7 Essential Traits of Successful Real Estate Investors

Daniel Penzing
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Real Estate Is a Tangible Investment

Real estate is the ultimate tangible investment. Producers of intangible goods and services are more challenging to diversify because they depend on specific clients, customers, and targeted demographics. Because of its tangible nature, real estate offers those who invest in it the ability to diversify their investments across many properties and multiple areas. For this reason, it is possible to offer some protection against geographic risk.

Real estate is also more tangible than the stock market. Investing in real estate offers a unique experience. You will be able to see your property and live your investment in the community that you choose. In addition, you can invest in properties that may have rental income flowing into your account on a regular basis. Investing in real estate also allows you to benefit from tax advantages such as depreciation.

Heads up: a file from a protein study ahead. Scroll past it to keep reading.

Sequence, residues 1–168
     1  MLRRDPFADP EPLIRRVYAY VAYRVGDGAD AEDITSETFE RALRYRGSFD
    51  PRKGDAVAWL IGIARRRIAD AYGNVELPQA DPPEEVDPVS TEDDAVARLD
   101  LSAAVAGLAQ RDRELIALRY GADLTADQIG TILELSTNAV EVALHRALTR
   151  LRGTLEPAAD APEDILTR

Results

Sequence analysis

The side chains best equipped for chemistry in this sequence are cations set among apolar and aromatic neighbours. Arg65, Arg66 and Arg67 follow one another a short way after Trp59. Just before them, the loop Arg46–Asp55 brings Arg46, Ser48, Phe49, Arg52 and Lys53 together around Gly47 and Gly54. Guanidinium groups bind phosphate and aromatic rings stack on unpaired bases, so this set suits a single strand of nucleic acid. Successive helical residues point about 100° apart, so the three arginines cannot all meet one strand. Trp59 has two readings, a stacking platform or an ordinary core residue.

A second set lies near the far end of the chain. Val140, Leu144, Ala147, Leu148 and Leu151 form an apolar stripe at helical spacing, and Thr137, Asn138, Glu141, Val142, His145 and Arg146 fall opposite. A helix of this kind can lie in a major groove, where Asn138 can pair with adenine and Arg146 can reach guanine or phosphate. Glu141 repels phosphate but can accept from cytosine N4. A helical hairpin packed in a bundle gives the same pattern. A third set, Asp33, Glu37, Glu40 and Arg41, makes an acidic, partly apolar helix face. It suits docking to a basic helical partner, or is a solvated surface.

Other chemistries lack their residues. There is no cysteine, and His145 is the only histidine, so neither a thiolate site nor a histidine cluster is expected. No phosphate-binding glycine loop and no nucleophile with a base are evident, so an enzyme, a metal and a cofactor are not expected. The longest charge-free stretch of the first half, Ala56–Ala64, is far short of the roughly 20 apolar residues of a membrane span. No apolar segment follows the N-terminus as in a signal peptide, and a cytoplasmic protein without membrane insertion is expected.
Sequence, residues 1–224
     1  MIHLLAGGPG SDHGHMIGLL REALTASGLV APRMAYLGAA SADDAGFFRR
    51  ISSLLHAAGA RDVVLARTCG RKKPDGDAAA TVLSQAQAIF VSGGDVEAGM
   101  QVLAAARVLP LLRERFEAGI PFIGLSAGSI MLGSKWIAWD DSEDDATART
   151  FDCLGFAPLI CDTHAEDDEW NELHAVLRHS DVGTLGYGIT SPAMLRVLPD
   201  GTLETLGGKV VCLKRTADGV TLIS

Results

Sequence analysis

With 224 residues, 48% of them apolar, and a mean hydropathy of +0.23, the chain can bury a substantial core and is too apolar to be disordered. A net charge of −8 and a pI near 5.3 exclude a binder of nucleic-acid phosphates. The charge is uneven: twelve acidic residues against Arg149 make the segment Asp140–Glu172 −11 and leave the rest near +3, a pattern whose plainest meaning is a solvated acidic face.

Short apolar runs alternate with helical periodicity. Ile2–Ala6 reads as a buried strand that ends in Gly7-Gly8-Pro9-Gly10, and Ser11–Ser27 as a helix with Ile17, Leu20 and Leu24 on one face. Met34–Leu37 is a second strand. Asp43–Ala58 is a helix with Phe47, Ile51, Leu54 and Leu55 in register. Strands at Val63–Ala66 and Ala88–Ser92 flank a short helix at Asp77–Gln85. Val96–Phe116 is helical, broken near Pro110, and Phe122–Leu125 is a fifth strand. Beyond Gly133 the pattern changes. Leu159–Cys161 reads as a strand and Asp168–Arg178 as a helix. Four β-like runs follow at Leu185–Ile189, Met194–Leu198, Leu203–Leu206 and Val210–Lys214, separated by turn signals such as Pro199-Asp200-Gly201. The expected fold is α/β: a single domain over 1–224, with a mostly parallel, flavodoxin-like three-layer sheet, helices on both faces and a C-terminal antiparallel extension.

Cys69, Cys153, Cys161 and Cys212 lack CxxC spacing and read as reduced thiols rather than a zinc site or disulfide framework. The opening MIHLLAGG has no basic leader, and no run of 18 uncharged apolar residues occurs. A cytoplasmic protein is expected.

The 7 Traits All Successful Investors Share

Are you interested in making money by investing in real estate? Are you someone who constantly burns through your paycheck with the hopes of generating more income and being further financially independent? If so, you are not alone.

Many people become very interested in real estate investing after looking at how successful and wealthy people have it. The difference between the rich and the poor is that the rich invest in themselves and the poor spend their money on things.

By investing in yourself you make the most effective use of your money. You invest in yourself to become better at your profession, boost your creativity and are able to wear a lot of hats. These skills are essential for any successful investor.